5.1 channels: Surround sound systems with six speaker outputs (left, right, centre, left rear, right rear, subwoofer) are often referred to as "5.1 channel", because the subwoofer Low Frequency Effects (LFE) channel outputs only low bass sound, not the full range of frequencies.

7.1 channels: The 7.1 channel format adds extra left-centre and right-centre channels to the standard 5.1 format. It's supported in DVD only by discs with an MPEG-2 soundtrack, and even then is very rare. Which is just as well, because practically nobody has an audio-visual setup that can play it.

AC3: This was the original name for the Dolby Digital sound system used on the majority of DVDs, and it's still the name for the kind of compression it uses. Dolby Digital uses lossy compression, conceptually similar to the ATRAC encoding used by Minidisc and the MP3 (MPEG 1 Layer 3) computer audio format, to squeeze audio data into a much smaller space. AC3 sounds better for a given data rate than the older ATRAC and MP3 formats.

The normal data rate for plain two-channel stereo AC-3 is 192 kilobits per second (kBps; one kilobit is 1000 bits), and the format supports bit rates from 64 to 448 kBps. 384 kBps is the normal bit rate for 5.1 channel AC-3 surround, and this bit rate is used by many DVD movies and all laserdiscs (the old LP-sized analogue video discs) that have an AC-3 surround soundtrack.

For well-encoded MP3 audio, 64 kBps per channel is enough for near-CD quality (better than FM radio) sound reproduction. In 5.1 channel mode at 384 kBps, AC-3 uses this same bit rate per channel, but its superior sound quality at a given bit rate makes it about as good as CD for even critical listening. It's widely agreed that AC-3 surround at the full 448 kBps speed sounds only slightly better than 384 kBps. The AC-3 standard actually technically supports bit rates up to 640 kBps, but the implementation of it used in DVD doesn't. The general consensus is that 448 kBps AC-3 sounds as good as any other 5.1 channel system, including the much heftier DTS (explained, along with the other DVD movie audio flavours, here).

DMA: Direct Memory Access, the act of directly moving data from a device to memory without passing it through the processor. DMA is often used as shorthand for "DMA address", one of the limited resources of IBM compatible computers (see also IRQ). See my second Step By Step column for more information.

IRQ: Interrupt ReQuests are how IBM-compatible computers assign the CPU's attention to devices that need to talk to it right now. A device gets assigned a given IRQ and uses it whenever CPU time is required; if two devices have the same IRQ and try to use it at once, neither will work. Current PCs have 16 IRQ lines, but several of them are taken up by standard hardware. See my second Step By Step column for more information. See also DMA.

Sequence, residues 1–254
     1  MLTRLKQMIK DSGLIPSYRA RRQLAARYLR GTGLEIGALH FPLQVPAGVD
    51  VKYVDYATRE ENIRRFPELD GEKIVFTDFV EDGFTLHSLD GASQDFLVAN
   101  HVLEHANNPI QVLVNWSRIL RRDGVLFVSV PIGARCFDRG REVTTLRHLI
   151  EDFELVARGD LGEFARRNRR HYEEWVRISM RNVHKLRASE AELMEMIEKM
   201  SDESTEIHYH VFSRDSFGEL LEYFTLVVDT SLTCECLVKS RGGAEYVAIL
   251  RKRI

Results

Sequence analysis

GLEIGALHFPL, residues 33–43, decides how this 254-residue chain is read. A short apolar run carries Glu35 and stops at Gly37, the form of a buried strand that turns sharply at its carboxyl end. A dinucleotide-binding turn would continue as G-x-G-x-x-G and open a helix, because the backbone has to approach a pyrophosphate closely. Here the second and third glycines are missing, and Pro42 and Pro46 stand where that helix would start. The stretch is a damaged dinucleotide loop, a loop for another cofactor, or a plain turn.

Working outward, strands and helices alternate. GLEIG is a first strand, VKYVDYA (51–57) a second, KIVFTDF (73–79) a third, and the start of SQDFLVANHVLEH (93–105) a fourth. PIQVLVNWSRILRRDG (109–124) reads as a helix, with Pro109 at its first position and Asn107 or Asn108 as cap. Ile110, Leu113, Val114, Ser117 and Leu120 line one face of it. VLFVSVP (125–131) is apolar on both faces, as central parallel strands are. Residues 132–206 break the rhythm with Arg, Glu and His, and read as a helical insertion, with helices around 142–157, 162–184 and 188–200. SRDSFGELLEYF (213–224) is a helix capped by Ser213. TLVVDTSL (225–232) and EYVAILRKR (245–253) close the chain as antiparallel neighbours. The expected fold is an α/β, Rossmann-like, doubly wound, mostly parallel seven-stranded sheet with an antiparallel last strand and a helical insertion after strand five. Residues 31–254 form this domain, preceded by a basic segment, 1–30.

PC 99: Microsoft's latest standardised PC design specification, which like Microsoft's previous specifications will no doubt be adhered to in whimsical ways by different manufacturers.

For more information on PC 99, see the Design Guide here.

MIDI: Musical Instrument Digital Interface, the standard protocol for hooking together electronic instruments. PC sound cards have on-board MIDI music capabilities, and can also have a special cable connected to their joystick port to allow the connection of external MIDI devices.

MPC2: Another software and hardware standard, created by a computer company consortium led, again, by Microsoft, but rather older than PC 99. In this context, MPC2 just describes the kind of connector used by various sound cards for internal analogue audio, for instance from CD-ROM drives and internal modems.

MPU-401: An old dedicated MIDI interface card for IBM compatibles, which is emulated with varying degrees of success by various sound cards.

S/PDIF: Sony/Philips Digital Interface Format is an audio transfer protocol that can use either optical or electrical connectors - electrical, in this case. It's used to transfer either 16 bit stereo audio data between various components (CD players, Digital Audio Tape decks, some sound cards), or to transfer Dolby Digital (formerly known as AC-3) 5.1 channel audio for movies.